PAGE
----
The decision was made & waving goodbye to our downed companion (badly injured pride) the remaining four set off again. The plan had been to stop for fuel after only thirty miles as that made the 100 miles between fuel stops work better at the far western end, but our new leader had refuelled at Popham & assumed that the route going via a side road with a petrol station in it was a mistake, so as I refuelled, I saw him come back down the side road, out onto the A303 & race off in the mistaken assumption that I’d gone straight on, his wingman saw me waving from the forecourt & raced off to retrieve him, but that just spurred him on to greater efforts in the persuit. I paid for my petrol & Callum & I headed after them. By the time we hit Exeter it was pretty clear we weren’t going to catch them & Callum turned for home having exhausted his time available for blatting.

I drove on. It started to rain. I drove on. It got foggy. This was the worst bit of the whole day, driving alone, with rain building up on the inside of the screen, dripping into my seat, covering the mirror. But as I dropped down off of Bodmin moor the fog lifted, the rain ceased, & the roads got twistier & more interesting. Then, not far before Land’s end I spied a metallic blue seven at the side of the road – I'd caught up with them – but it wasn’t 2Kwik & son, it wasn’t even a Tiger. So I drove on.
I reached Land’s End about 09:30, still feeling remarkably fresh, but in dire need of a coffee. I asked the guy on the gate if I could take the car down to the famous signpost, he asked me if I was doing the “end to end”, I replied “something like that” & he let me park for free. Shortly after that the blue seven I’d seen pitched up. This it turned out, was a member of the “Locost Builders Forum” (LCB) who’d heard of our expedition & had come to see if it was true. We chatted while we waited for news of the others – and we waited – and we waited.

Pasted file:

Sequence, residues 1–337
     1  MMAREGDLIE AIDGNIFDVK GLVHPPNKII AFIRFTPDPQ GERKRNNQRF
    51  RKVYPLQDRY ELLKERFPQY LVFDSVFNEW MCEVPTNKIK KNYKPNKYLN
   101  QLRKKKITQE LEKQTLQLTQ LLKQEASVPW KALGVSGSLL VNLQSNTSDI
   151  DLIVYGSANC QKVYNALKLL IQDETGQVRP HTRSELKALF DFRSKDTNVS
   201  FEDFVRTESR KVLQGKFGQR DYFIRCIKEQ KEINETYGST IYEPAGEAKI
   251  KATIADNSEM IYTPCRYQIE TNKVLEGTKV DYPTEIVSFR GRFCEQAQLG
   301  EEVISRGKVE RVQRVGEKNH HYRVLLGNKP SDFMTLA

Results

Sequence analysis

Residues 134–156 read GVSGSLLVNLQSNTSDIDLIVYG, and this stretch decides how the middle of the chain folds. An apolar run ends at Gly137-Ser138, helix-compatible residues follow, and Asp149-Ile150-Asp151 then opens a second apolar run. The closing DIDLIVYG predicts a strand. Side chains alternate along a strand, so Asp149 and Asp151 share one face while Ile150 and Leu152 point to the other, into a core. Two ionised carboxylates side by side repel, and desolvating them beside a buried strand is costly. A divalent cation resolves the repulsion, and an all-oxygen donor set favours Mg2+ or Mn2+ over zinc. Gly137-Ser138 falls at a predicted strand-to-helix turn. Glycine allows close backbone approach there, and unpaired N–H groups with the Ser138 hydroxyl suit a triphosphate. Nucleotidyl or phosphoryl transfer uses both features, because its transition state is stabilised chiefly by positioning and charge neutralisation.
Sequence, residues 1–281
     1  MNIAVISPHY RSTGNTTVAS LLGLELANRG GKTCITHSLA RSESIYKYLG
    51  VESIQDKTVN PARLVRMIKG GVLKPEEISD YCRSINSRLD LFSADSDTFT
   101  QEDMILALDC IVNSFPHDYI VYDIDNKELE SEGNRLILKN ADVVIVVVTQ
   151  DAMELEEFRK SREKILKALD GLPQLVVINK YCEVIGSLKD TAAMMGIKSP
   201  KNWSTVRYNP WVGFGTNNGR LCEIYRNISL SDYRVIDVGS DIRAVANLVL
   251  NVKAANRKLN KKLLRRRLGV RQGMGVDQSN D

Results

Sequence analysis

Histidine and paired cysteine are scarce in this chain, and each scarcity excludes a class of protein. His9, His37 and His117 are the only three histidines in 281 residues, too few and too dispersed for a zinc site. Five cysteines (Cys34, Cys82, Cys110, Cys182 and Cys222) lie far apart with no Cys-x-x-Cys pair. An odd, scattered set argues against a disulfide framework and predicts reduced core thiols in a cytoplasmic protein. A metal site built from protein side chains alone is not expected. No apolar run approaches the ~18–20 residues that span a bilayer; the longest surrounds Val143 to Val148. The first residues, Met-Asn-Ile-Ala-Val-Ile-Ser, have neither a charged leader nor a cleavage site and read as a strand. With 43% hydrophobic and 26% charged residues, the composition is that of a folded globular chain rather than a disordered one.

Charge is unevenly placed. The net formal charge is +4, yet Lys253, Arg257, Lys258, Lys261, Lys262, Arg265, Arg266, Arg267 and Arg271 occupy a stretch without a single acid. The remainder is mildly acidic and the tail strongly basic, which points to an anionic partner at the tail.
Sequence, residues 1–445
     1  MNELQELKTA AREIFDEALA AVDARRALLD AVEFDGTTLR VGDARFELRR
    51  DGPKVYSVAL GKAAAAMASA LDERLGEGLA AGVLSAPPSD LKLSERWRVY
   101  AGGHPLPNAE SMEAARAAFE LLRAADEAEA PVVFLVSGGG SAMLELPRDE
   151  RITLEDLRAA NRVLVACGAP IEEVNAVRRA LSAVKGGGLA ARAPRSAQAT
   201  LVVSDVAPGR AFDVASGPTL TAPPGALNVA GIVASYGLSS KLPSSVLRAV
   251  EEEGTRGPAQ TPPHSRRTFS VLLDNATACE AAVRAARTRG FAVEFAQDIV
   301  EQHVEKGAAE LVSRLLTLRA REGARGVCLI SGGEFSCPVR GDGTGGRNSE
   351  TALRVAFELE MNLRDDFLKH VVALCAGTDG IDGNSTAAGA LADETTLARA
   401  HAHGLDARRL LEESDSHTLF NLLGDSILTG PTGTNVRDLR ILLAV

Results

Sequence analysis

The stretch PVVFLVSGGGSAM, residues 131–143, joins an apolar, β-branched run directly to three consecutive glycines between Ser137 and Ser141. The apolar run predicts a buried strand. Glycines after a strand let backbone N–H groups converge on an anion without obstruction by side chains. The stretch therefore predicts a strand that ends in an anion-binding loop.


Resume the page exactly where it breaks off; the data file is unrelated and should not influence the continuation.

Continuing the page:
Around 10:00 my phone rang, it was Greenwoo, calling from Land’s End Airfield, he’d made it! The RAC man had cured his car by doing nothing-at-all (he thought it was a heat related issue) & he’d managed to catch up. Within ten minutes the other to re-appeared & we were all back together. Hoorah!
We took all five cars (the SKCC expeditionary force & Mr LCB) down to the sign post where we, the official photographer & a couple of dozen trippers from a variety of countries snapped away, then we headed to the airfield cafĂ© for breakfast – the whole point of the trip after all.
Breakfast was served & devoured in proper SKCC style, generous potions washed down with hot drinks, & after a pleasant banter 2Kwik & son headed for home along the A30 / 303 & therefore missed out on the best part of the trip. The rest of us (now four) turned the other way & headed for the coast road, I’d driven this a couple of years before in the family personel carrier while on holiday & it was beautifully twisty & scenic. Mr LCB asked if we would be doing it as it was locally known as the Cornish Nordschief (Nurburgring). In the Fury it was 9 miles of utter bliss. By this time the sun had come out & we made the absolute most of it as the video hopefully shows, the road goes from just about nowhere to St.Ives so there was very little traffic & what there was either turned off pretty smartly, or pulled in to let us past – excellent.
I was enjoying myself so much I didn’t notice that only I & Mr LCB were there as we pulled into St. Ives, we chatted about the road, and we waited – and we waited (getting used to it now), then the phone rang. Yes it was greenwoo again, somehow further along the route again. He was already in Hayle, but Nash had suffered a breakdown & was awaiting the RAC. Mr LCB & I patrolled St. Ives in the hope of finding him, but we didn’t & met up with Greenwoo on the other side of town.
At this point we bid farewell to Mr LCB as he turned for home & the remaining two SKCCers headed east. We detoured along the coast again to the east of Newquay. I had intended to stop at Porth to rest up for the journey home, in the event neither of us felt we needed a rest, so we stopped briefly so I could check the water level – it hadn’t lost a teaspoonful – strange. While I was doing this a pair of hippy chicks engaged Greenwoo in conversation & took photos of the cars, then we were gone.
The rest of the journey home was uneventful except for the Greenwoo-mobiles bizarre ailment returning periodically. When this happened we pulled into a roadside hostelry & topped up our caffeine levels while it cooled. Never known a car fault cured by coffee before.
And then it was over. I got home about 19:30, just in time to miss tea.
The car averaged 30 MPG which considering how it was driven & the fact that it has a 35 year old engine fed by two huge Dellorto carbs, I was quite pleased with.
564 miles.

Get yourself a coffee before you hit the triangle, there's 15 min of it.